Centrose is a biotech company that adds precision to drugs.
Most small molecule drug candidates lack precision and therefore are toxic to normal cells. Antibody drugs are precise but lack effectiveness. Centrose takes the effectiveness of small molecule drugs and combines them with the precision of antibodies to make a new class of drugs called EDCs.
Today antibody drug conjugates (ADCs) need to enter cells, need to degrade to be effective and some target genetic material. Centrose created a new ADC called EDC that circumvents all these problems.
Current EDCs disturb a cell's membrane potential which is required for growth, movement and division. EDCs kill diseased cells selectively, stopping their ability to divide, release toxic substances, and metastasize to other organs. EDC do all of this without degrading, without having to enter the cell, and without effecting DNA.
As reported in our recent Nature journal publication→, Centrose discovered that a cellular ion pump interacts with many disease-related markers. Centrose also discovered that antibodies to these markers could be used as delivery vehicles for the precise placement of drugs on the surface of diseased cells. Precision therapies made this way are called Extracellular Drug Conjugates (EDCs). EDCs made by Centrose precisely inhibit the ion pump, which disturbs movement of potassium and sodium in and out of diseased cells, eliminating their electric potential, and finally killing them in a safe and effective manner.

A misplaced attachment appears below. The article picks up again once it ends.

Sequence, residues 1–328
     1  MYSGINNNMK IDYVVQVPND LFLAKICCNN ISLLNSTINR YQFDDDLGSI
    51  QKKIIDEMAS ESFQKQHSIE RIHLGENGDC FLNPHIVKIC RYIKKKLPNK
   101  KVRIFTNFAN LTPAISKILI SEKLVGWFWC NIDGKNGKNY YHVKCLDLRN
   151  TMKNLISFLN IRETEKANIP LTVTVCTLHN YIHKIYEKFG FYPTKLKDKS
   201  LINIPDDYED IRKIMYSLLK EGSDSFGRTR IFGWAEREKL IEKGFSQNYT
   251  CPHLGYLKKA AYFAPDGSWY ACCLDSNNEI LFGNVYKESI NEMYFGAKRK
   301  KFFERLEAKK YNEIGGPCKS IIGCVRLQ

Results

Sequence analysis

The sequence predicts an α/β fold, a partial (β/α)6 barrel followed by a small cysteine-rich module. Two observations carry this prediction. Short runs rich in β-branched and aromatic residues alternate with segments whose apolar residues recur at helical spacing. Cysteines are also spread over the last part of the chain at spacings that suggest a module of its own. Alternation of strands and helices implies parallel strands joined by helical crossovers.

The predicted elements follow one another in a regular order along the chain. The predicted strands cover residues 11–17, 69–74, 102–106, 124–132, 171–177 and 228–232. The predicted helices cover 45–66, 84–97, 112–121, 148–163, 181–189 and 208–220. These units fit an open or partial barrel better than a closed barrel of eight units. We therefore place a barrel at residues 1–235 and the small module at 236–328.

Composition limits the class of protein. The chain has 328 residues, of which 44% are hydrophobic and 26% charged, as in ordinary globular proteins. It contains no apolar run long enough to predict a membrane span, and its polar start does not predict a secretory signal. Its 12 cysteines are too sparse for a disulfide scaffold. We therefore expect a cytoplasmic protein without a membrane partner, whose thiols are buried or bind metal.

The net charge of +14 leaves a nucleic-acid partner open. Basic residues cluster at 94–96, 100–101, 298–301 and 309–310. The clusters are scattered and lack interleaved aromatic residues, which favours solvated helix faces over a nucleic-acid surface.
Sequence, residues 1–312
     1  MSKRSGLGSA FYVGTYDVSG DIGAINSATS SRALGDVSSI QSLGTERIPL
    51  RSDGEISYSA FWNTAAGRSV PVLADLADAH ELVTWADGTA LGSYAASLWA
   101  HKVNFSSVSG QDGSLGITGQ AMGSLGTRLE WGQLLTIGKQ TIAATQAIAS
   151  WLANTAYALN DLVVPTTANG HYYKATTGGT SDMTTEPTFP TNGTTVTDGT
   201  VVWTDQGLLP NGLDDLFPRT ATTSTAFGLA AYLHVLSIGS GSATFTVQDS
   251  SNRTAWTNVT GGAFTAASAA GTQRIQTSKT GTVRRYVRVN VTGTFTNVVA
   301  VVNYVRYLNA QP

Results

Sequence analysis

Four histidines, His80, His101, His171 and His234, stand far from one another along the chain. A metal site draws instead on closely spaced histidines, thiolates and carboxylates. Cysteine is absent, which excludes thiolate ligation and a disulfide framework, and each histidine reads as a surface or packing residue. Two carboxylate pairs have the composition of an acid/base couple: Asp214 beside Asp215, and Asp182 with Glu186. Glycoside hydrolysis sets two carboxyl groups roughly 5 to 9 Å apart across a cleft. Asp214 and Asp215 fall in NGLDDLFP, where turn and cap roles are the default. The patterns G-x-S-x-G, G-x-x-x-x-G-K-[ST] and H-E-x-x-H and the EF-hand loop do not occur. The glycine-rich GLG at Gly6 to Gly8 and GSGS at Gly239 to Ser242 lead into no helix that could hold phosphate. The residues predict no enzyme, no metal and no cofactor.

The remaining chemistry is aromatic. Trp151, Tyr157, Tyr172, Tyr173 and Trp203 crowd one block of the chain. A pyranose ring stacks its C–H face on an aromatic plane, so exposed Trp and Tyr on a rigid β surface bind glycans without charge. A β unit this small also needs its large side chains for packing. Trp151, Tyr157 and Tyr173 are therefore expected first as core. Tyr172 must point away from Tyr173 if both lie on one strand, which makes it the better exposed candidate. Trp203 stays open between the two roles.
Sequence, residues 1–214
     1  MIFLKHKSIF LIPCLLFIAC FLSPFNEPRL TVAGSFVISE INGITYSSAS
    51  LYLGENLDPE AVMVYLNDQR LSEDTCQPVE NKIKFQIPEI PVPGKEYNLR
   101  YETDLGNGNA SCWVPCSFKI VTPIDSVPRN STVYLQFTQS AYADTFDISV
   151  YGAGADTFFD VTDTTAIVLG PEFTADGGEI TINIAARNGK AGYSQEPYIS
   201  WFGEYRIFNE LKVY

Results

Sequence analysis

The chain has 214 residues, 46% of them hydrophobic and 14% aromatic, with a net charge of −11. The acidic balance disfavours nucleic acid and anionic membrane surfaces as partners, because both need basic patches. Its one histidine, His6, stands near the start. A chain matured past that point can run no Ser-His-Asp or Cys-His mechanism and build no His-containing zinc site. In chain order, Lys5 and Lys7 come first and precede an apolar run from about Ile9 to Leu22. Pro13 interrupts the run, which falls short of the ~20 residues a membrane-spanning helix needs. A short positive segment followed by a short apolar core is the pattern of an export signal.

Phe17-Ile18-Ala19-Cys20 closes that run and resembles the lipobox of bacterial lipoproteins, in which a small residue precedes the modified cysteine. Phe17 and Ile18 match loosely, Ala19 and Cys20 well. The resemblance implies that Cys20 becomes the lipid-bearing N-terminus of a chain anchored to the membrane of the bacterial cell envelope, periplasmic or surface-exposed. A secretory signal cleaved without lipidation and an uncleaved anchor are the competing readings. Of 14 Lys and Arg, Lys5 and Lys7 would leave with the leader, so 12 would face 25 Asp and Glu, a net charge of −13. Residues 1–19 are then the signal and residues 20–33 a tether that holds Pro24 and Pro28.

EDCs never need to enter the cell to exert their therapeutic effect. This makes EDCs unique, offering a completely new mechanism for disease treatment. Because proper ion flow is required to maintain a cells electric potential, EDCs lead to profound changes in the cell's ability to grow, divide and express harmful substances.
Our lead drug is called EDC9, which uses Rituximab to direct our pump inhibitor to B-cells to treat Non-Hodgkin's Lymphoma (NHL) and many autoimmune diseases like Multiple Sclerosis (MS). EDC9 was found to be safe in primates and more effective than Rituximab at destroying these B-cells in animal models with NHL.